Creating a web based IDE

Hyper IDE is an Integrated Development Environment. It consists of 64 Hyperlambda files,  2429 lines of code, in addition to 649 comments. As a bonus, it contains 6 Markdown files, which serves as its entire documentation. Please take some time to diggest these numbers. Then realise that there are DateTimePickers on GitHub having twice as many lines of code as Hyper IDE. A DateTimePicker allows you to, well, “pick dates” – Hyper IDE is a *complete web based IDE*.

How did I find the above numbers you may ask? Well, the meta system of Hyperlambda allows me to automatically extract this type of information from Hyperlambda modules. Check out a screenshot below to understand what I mean.

The meta system (think reflection) also allows me to intelligently extract comments from my source code files, transform these comments to HTML from their Markdown representation, and display these as the documentation for my Active Events (think functions) and source code files. So when I am done coding, I am also largely done with the documentation. Which probably explains why the complete help system for Hyper IDE contains no more than 6 files. As I am browsing the help files for Hyper IDE, I can immediately edit its Active Events, and/or its files – Using Hyper IDE itself paradoxically as my editor. This is because every “function”, when you read its reference documentation, is aware of which file it was declared in, and which major comment it should use as its reference documentation. An example screenshot can be seen below.

Yet again, the above documentation was automatically generated from the source code files, without me having to do anything. If I click on the above “…/launch.hl” file for instance, the file opens immediately in my Hyper IDE editor, as a tab view, and I can start editing the file. At which point I have Syntax HighLighting, AutoComplete, and everything you can imagine from an IDE. To open up the AutoCompleter you can click CTRL+SPACE (CMD+SPACE on an OS X machine). Below is a screenshot.

I also have true AutoCompletion for JavaScript, CSS, HTML and XML files. In addition to “anyword” AutoCompletion for 100 additional programming languages. Editing multiple files at the same time, in separate tab views, is also implemented of course (duuh…!)

Hyper IDE has a rich plugin architecture. Out of the box, it contains 15 plugins, ranging from minifying and beautifying CSS and JavaScript – To a wizard form that allows me to create a new CSS skin, or an AngularJS module for that matter. Creating new plugins, without modifying the source code of the project itself, is as easy as creating a simple Active Event. Below is a plugin that will only be loaded if your currently edited file is an HTML file.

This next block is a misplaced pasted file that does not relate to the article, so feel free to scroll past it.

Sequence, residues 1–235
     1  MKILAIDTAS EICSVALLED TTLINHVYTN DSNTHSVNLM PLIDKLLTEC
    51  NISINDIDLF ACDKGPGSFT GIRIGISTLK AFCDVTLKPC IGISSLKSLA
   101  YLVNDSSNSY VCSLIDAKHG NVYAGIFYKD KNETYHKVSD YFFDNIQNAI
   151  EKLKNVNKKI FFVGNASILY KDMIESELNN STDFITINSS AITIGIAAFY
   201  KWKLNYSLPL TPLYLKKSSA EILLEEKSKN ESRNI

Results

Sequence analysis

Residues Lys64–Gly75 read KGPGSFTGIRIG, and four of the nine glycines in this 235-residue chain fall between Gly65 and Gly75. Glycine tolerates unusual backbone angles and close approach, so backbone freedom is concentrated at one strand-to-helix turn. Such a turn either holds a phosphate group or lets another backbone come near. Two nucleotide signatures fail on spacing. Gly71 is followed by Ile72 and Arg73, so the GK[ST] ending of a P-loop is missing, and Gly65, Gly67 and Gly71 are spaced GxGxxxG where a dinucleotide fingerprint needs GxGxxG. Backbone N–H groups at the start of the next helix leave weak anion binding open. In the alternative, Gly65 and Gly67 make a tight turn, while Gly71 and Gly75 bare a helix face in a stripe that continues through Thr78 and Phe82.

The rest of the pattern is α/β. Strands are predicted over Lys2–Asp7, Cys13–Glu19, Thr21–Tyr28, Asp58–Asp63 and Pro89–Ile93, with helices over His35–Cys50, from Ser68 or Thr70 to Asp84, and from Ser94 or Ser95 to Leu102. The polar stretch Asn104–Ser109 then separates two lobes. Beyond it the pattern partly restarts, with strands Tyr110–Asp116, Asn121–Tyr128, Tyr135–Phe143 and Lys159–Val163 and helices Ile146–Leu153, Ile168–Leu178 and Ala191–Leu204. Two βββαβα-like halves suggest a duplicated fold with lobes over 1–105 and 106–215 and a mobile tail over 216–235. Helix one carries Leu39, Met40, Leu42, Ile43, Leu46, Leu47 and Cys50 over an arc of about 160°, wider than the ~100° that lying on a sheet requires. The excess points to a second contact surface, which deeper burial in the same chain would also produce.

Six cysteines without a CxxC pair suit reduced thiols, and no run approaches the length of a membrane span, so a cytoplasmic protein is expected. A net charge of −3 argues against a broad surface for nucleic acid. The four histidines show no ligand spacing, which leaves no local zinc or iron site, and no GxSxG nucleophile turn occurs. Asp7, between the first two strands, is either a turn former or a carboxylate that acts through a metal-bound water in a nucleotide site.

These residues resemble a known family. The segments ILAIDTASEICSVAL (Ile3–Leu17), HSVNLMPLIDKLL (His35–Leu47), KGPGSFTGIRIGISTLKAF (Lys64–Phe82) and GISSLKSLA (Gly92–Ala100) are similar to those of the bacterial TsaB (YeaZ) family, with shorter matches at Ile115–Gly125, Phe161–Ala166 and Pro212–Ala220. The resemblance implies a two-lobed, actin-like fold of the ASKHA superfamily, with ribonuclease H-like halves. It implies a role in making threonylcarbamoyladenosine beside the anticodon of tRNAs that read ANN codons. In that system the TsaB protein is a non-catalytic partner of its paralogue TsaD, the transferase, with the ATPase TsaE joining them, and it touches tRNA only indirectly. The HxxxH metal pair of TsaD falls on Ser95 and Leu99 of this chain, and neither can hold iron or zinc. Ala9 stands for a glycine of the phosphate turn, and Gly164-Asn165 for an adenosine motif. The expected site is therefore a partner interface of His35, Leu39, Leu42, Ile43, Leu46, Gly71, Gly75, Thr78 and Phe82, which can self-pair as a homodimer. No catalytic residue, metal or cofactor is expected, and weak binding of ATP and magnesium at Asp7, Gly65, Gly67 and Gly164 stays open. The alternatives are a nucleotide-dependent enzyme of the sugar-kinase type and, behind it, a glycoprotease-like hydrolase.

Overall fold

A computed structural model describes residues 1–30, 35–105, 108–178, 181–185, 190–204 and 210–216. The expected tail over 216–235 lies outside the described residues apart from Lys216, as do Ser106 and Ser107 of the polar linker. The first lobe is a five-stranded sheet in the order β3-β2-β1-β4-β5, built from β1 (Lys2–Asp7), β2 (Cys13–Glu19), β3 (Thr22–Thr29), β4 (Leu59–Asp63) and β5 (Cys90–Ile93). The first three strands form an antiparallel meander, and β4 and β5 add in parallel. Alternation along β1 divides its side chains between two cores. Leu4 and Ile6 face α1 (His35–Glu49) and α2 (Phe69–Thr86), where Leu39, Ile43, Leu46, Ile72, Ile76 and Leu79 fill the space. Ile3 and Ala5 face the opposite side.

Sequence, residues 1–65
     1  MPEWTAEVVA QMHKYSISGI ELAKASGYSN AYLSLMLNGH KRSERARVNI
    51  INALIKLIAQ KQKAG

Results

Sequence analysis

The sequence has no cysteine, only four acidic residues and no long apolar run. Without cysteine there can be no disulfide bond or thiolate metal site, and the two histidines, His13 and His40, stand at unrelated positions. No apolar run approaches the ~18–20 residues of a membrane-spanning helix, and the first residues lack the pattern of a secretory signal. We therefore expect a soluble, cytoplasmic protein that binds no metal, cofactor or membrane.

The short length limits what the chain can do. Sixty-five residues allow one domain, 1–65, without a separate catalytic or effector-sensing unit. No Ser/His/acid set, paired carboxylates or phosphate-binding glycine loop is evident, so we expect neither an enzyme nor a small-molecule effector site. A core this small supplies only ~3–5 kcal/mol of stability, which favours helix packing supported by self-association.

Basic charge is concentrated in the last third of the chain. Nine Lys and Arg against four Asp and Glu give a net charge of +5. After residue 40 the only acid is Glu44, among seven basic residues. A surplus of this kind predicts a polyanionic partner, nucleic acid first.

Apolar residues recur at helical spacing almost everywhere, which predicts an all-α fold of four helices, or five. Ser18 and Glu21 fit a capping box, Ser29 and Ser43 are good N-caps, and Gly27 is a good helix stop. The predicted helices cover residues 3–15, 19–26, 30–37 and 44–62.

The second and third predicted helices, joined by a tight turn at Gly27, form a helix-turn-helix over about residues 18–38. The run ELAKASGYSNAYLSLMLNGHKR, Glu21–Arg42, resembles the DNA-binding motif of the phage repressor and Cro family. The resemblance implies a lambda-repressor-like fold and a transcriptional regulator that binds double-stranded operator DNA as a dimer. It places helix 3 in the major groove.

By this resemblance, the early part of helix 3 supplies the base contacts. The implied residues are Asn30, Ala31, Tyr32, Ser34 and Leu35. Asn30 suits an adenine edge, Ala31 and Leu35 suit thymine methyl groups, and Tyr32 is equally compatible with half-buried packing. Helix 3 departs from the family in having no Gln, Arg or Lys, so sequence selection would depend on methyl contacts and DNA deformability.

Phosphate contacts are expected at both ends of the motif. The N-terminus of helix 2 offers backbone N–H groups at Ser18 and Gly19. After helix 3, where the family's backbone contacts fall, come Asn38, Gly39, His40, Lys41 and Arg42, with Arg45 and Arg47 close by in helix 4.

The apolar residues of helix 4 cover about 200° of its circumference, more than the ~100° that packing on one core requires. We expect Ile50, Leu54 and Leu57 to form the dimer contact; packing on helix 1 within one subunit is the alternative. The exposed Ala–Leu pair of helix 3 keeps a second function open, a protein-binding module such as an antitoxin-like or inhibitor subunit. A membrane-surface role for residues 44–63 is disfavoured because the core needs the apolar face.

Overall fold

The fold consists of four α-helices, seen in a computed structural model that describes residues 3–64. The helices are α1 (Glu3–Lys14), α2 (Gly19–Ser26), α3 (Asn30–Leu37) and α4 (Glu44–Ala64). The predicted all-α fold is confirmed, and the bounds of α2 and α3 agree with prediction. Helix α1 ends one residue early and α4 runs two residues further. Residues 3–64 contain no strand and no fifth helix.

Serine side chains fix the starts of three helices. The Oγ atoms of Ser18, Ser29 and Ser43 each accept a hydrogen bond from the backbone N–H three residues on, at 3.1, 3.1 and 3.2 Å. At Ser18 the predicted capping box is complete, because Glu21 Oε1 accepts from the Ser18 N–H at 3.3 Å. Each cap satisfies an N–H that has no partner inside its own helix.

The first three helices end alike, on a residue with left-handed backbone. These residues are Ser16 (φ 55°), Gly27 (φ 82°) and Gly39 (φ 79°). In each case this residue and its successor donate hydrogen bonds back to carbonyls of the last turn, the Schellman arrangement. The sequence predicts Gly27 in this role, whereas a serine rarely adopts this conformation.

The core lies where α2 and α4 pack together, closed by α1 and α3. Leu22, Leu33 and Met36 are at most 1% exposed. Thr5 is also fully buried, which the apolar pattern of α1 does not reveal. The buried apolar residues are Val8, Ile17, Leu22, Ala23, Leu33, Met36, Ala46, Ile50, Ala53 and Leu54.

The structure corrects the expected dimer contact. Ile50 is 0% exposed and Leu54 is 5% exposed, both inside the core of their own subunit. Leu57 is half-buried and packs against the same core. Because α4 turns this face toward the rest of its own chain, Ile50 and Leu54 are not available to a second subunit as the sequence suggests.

/*
 * Creates our bubble window HTML plugin.
 */
create-event:hyper-ide.plugins.htmlmixed.is-html-file
  return
    button
      innerValue:@"<span class=""icon-question""></span>"
      title:Shows an information window
      onclick
        /*
         * Displays an information "bubble" window.
         */
        micro.windows.info:This is an HTML file!

Whether or not the plugin is loaded, is decided from its name. Since the name of the above plugin is [hyper-ide.plugins.htmlmixed.xxx], it will be loaded every time an HTML file is opened. If I had called it [hyper-ide.plugins.hyperlambda.xxx], it would only load for Hyperlambda files. I can create any plugin I want to, for any language I wish, including Python or Brain**** for that matter! Yes, Hyper IDE supports Brain****!

Hyper IDE allows me to zip any folder on my server, and download it to my client. It also allows me to download individual files. In addition, it allows me to upload files from my hard drive, and unzip zip files directly on the server. It allows me to evaluate Hyperlambda files, in addition to bash scripts, allowing me to integrate with stuff such as Git or compiler services. Below is an example of how I checkin my changes to GitHub.

And I am still not done! In fact, if I were to tell you about all of its features, I’d arguably have to spend almost as much time as I did implementing these features. However, one nice little detail, I think myself, is that I can actually instantiate Hyper IDE as a “plugin”, loading it on any page I want to load it on, for any reason I would want to do such a thing. Below is a screenshot where I load Hyper IDE from my desktop, by clicking a button in one of my help files. This will load Hyper IDE inside a modal window – Without an iframes or other “sub optimal” technologies – And allow me to use Hyper IDE from any other module I need access to it.

Forgive me for saying this, but being able to do all of the above, with only 2429 lines of code, is actually quite unbelievable! As I said initially, I can show you DateTimePickers, and AngularJS tutorials for that matter, with more lines of code than that which created Hyper IDE. And that’s my point.

Hyper IDE, and Hyperlambda, the language that built it, is pretty “Hyper” to say the least …

Do you think I’m joking? Sorry buddy, there’s no joke coming. If you don’t believe me, feel free to download it yourself, or watch the following video where I demonstrate some of Hyper IDE’s features.

Ohh yeah, I almost forgot – It works from your Phone and your Tablet, and it’s Open Sauce – And you can set it up on a Linux Laptop in 5 minutes, having access to your own secure web based IDE, on your phone, from anywhere you are in this world … 😀

Get Hyper Today!

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